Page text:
I take pen in hand (well, mouse) just to say I like your work. The institution you describe in such detail is, of course, utterly foreign and unintelligible to me, and I have not the slightest interest in “re” visiting a place I would not recognize. After all, everyone who ever taught me is either long retired, and most are, I am sure, long gone. The mere presence of women, much less a majority, would be too much. Of course I do not object — our own enrollment is also now slightly a female majority, but we were co-ed long, long before living memory and so had a head start. It’s just that there is no “there” there. Goodness — I even recall that Sacred Heart Church was just that, before being upgraded to a Basilica without adding so much as a brick. My, how we do put on airs!
Nothing left there for me but my mind. I do not like beer; I never watched a full game of anything; and now do not know the name of your coach. I have been in the academic racket at this place so long that I am viewed as a legend in my own mind, but you and I know where that mind was stored with what was necessary for life. That, nothing takes away, unless it is Dr. Alzheimer.
But, whether I care no longer about your employer or not, you do publish a very, very good example of your genre. Long may you wave.
Louis A. Marre etc etc etc
Re: A new generation of Domers. You should have titled this “A new generation of Dummies.” It is every generation’s conceit that they and only they are the heralds of some radically new esthetic in human history. How can a bunch of spoiled preppies “succeed spectacularly and fail miserably” at the mere age of 18? Gimme a break.
Re; A very student issue. The only things “impressive and stunning” about this new crop of brats are their parents’ pedigrees. When your rich mommy and daddy hand you everything, it’s perfectly natural to start envisioning yourself in saintly terms. Maybe you can write your next article on which of these special little preppies will hatch the next investment scam or government-spending boondoggle once they assume their preselected careers.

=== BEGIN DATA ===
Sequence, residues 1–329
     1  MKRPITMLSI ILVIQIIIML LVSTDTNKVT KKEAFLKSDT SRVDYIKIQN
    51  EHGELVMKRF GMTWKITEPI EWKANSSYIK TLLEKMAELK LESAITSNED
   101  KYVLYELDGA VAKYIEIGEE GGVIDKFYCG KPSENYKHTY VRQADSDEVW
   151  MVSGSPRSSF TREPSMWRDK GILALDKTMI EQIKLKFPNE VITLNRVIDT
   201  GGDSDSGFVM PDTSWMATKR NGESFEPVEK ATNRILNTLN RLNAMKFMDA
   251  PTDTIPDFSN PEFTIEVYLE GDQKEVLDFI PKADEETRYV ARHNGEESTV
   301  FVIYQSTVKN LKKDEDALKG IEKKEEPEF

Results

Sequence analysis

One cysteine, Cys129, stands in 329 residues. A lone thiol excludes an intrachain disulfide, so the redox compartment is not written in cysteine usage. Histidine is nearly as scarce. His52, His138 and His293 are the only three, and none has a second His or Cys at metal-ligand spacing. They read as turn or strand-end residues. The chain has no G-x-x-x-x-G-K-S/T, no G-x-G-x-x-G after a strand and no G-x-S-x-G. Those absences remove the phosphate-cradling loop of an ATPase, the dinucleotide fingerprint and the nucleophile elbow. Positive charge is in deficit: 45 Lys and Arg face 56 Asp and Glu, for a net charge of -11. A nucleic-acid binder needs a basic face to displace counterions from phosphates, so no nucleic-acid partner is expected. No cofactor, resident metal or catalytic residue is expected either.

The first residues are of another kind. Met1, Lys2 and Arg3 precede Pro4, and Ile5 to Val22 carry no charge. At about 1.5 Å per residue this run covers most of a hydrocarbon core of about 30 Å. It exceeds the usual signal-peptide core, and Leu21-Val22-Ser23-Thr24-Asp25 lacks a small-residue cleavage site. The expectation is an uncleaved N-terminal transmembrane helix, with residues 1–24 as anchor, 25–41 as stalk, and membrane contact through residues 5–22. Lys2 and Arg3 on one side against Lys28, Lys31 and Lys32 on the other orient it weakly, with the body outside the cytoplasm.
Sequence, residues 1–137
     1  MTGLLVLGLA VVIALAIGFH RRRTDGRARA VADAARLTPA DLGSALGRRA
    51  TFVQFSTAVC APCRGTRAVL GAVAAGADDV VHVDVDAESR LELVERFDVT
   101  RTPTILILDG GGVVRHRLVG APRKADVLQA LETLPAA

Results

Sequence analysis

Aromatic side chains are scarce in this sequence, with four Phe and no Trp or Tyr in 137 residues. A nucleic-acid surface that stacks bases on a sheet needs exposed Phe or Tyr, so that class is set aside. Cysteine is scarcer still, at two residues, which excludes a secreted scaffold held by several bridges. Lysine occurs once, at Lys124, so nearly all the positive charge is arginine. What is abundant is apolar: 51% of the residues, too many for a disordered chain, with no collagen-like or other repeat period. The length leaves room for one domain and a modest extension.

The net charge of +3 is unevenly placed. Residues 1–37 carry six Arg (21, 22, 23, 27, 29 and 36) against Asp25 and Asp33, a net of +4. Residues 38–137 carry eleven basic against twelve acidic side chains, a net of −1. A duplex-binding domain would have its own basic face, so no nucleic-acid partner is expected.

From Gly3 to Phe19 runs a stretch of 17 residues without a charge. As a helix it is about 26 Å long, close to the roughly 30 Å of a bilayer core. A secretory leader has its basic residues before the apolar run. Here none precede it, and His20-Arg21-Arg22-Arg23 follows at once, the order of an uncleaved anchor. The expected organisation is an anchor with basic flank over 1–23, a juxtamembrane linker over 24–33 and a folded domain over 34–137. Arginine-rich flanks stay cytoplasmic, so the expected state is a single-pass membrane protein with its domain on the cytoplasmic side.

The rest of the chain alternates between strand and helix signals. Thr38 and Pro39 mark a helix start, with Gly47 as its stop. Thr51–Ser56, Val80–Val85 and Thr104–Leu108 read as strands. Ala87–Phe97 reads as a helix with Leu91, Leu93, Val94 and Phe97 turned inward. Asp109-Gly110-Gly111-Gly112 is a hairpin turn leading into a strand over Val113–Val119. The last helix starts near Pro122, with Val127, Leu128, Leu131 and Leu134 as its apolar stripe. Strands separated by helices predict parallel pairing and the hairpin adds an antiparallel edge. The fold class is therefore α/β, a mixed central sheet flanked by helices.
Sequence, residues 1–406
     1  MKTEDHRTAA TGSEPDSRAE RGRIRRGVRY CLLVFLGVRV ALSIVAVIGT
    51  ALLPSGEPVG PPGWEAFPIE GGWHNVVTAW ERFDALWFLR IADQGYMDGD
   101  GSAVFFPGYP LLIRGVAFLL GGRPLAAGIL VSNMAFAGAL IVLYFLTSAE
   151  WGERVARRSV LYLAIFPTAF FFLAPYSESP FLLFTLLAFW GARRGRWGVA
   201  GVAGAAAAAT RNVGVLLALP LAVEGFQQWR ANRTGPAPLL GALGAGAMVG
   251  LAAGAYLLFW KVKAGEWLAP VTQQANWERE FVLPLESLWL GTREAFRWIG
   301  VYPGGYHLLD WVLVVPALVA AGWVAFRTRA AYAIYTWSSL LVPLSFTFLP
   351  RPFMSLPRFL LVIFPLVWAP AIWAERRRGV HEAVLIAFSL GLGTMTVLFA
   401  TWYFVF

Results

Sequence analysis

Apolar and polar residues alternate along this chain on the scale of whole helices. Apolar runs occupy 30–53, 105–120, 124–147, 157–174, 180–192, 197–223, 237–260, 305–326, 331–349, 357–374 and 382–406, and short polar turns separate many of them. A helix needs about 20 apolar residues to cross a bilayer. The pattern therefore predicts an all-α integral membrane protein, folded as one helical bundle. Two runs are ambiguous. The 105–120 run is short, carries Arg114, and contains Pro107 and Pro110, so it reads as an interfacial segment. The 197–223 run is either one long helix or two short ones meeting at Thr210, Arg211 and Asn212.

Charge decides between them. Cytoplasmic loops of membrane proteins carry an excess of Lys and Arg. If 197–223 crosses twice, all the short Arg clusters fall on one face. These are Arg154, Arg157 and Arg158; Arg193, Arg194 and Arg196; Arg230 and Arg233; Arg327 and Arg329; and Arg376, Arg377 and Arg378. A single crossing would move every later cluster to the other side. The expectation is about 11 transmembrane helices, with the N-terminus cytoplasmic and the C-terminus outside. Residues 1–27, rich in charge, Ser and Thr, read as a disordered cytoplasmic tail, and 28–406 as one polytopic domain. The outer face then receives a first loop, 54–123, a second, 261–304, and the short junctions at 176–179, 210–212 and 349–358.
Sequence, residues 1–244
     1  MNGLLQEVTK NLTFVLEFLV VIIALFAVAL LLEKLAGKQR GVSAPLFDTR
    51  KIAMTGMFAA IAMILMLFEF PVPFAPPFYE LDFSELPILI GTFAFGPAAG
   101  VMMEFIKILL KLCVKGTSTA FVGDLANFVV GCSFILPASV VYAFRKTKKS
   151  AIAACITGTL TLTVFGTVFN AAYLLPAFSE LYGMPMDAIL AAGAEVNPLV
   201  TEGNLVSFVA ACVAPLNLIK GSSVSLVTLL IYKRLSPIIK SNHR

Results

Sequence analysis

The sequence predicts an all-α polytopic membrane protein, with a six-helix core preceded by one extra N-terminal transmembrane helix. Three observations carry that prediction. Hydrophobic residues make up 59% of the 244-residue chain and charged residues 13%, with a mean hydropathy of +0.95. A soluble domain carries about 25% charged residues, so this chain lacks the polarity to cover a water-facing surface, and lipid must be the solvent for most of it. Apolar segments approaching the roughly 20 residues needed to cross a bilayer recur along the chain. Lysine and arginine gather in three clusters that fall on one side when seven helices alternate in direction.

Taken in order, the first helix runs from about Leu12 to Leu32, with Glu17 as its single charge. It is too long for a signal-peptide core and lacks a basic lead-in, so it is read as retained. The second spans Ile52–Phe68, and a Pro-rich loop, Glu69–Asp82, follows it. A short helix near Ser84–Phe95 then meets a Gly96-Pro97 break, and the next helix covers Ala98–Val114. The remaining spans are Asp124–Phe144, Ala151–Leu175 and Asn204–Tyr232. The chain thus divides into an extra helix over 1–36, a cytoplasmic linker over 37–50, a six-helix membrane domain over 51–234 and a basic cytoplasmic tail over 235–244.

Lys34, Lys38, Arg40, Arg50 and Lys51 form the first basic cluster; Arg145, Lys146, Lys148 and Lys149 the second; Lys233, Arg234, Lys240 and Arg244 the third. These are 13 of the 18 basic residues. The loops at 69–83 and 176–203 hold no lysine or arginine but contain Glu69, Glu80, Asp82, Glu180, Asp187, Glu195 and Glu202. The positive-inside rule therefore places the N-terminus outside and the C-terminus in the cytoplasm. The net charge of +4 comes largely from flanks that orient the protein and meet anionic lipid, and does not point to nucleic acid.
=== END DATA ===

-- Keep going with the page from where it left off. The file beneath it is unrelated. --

Tony Alfidi ’95
I am writing as the parent of a recently admitted Notre Dame scholar who will potentially be attending the university in the fall. As such we have been receiving many materials, including the winter edition of Notre Dame Magazine. Realizing that this particular issue was intentionally geared toward providing a more unvarnished student view of life at Notre Dame, I was still a bit surprised to see articles discussing the social elitism of Notre Dame and its anti-tolerance toward those who do not appear to belong. I am referring specifically to the Ugg boots and white, affluent letters that appeared on the same page. My son, who is also considering U of I, said the magazine seemed to be encouraging some types not to go to the school. As it has always been his personality to embrace people of all lifestyles, cultures and social status, he is now concerned that Notre Dame may not share his views. It is giving him pause regarding attending the school in the fall.